Saturday, March 22, 2008

A New Yorker in California

So it looks official. Daniel and I are moving to California. It remains to be determined whether we will be in Palo Alto for convenience or San Francisco for fun and ease of transition, but regardless of the specifics, that behemoth state on that other coast seems to be in our future.

I'm excited. Really. It's just that in thinking about this move, I've been focusing on moving TO California and not as much on moving FROM New York. It's the leaving that's starting to get to me. And as is often the case for me, a good part of the emotional experience is linked to food. (not that I won't also miss my brother, friends, the theater, museums, bustle, Eloise, Prospect Park, easy access to South Carolina, New Haven, Massachusetts, and really everything else I've ever known.) But food is a good metaphor, and the purpose of this blog, so I'll stick to that.

Anyway, we spent our week staying with the hospitable, lovely Ariel and Eric in their home in Berkeley. I've really grown quite fond of Berkeley and all its quirks, so Sunday morning, I went out for a walk to explore a bit on my own. Although we were having a barbecue later in the afternoon, I was starving so I wandered into a New York style deli called Saul's near their house on Shattuck. And it was here that I realized California and New York are just really very different. The realization came in two waves.

1) California deli just ain't the same. I'd heard this before, but really, why should California not be able to create a reasonable simulacrum of a NY deli? It's not that the food was bad. Honestly, I only had a turkey sandwich on rye, so I certainly didn't sample everything. It just felt very theme parky, with checkered floors and New York memorabilia around. The big disappointment, however, was that it didn't live up to what one often needs from a deli, which is a reasonable selection of parve side dishes and desserts. I don't care so much if the option exists to have cheese with pastrami for those who don't know any better, but there should at least be some good dairy free cole slaw and babka. That's all I'm saying.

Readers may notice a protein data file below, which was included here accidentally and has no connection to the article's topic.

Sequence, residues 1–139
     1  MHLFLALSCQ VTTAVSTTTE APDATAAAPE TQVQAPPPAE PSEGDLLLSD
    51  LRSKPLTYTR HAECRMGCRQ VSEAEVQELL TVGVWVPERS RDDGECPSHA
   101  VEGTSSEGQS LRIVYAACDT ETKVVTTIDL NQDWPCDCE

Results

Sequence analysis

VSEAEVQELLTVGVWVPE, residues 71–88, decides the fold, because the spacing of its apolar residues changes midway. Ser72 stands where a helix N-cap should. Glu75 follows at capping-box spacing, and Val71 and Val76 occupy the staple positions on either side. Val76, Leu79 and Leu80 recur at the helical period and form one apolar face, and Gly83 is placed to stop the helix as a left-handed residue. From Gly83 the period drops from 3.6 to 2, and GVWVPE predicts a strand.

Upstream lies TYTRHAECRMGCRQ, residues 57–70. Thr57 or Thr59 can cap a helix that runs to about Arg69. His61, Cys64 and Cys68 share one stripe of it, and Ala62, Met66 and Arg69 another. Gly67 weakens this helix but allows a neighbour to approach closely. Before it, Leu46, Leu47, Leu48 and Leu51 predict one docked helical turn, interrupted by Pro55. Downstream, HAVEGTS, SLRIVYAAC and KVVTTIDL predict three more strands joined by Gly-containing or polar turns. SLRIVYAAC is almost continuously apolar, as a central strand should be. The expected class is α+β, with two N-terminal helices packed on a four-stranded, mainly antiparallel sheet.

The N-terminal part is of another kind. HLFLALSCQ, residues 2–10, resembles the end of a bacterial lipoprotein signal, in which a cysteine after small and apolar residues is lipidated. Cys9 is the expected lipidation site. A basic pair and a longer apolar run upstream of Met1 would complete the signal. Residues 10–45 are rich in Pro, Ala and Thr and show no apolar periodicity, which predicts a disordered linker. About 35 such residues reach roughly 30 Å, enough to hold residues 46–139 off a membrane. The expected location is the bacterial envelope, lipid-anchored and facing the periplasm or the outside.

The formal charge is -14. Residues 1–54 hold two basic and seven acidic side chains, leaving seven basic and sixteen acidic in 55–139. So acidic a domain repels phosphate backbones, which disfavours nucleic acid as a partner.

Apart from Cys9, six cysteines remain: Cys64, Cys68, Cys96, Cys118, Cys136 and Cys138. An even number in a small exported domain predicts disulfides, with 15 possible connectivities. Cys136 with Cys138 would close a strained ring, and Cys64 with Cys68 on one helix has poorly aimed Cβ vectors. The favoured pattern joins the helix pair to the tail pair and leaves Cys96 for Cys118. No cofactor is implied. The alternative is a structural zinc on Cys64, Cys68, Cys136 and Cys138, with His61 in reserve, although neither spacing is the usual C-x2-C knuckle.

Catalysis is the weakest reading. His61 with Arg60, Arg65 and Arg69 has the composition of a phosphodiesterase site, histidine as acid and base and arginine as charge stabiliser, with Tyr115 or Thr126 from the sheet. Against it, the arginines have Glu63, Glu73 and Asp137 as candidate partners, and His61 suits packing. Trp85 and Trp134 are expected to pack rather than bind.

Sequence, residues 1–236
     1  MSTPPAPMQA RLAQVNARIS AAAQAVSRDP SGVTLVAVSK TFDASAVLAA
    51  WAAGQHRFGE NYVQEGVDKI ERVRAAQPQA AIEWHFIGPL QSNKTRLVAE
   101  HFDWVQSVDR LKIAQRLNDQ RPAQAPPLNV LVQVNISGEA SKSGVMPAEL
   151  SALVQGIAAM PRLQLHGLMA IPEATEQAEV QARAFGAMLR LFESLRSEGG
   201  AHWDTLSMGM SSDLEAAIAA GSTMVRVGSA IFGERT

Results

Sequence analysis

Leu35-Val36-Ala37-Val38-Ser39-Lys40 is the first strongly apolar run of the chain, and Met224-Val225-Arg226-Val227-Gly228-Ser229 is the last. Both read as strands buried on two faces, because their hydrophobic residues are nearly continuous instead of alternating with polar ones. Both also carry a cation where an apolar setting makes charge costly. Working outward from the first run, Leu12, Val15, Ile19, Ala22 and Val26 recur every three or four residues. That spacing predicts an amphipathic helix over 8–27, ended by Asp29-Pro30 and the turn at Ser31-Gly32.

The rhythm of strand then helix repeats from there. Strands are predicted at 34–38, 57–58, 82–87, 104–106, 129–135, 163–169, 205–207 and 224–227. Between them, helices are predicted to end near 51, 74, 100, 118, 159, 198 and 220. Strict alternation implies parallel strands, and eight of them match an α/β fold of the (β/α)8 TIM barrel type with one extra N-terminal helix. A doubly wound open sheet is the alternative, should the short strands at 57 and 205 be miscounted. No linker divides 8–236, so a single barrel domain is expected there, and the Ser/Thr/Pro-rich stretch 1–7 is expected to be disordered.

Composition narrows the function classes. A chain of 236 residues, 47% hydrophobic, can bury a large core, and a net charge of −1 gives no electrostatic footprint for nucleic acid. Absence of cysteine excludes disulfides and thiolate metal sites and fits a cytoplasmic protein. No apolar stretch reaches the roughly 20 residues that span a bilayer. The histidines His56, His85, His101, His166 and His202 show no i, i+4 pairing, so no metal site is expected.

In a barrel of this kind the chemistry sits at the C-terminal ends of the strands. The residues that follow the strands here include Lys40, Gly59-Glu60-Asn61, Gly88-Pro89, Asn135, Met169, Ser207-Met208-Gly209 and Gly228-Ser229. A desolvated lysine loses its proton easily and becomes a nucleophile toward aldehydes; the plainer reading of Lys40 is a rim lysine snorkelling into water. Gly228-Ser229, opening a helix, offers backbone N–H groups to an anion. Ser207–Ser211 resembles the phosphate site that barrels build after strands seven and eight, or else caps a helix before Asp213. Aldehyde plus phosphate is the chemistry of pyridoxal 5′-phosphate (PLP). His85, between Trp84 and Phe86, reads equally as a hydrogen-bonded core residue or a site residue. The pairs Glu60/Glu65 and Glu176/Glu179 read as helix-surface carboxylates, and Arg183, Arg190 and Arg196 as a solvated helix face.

2) There is guilt associated with getting take out. While this is probably good, it is certainly different from New York, where we subsist on delivery and take out and could probably, once a year, fill our tiny apartments from floor to ceiling with all of the take-out containers we accrue annually. Bad. Clearly very bad. But last Sunday, I wanted to get my turkey sandwich to go and to go sit somewhere in the California sun and read my out of town edition of the NY Times and enjoy the best of both coasts. But once I'd asked for my food to go, suddenly, an enormous sense of shame washed over me. I just knew that everyone at the counter was thinking that I was single-handedly destroying 25 100-year old Red Woods and creating mounds of trash that my children would someday be forced to ship to Pluto in solar powered Green rockets. So, while I had planned on eating my food at the little tables just outside of Saul's, I realized that this wasn't going to be an option. After all, it was only a few feet away, and I should have just carried the sandwich in my shirt, thereby avoiding paper trash AND using water to clean any standard dishes or plates. So instead I took my devilish plastic bag filled with two cardboard containers and went to find a spot where I could hide from the castigating eyes of the superior Berkleyites (as penance I didn't take any napkins or a fork with which to eat my side salad).

I found a nice sunny spot far away from the Saulites. In a bank parking lot. There was an old woman there too, drinking coffee in a paper cup. Guilt loves company. On the plus side in California, being outside is almost always pleasant, even beside an ATM. And the pickle from Saul's wasn't half bad.

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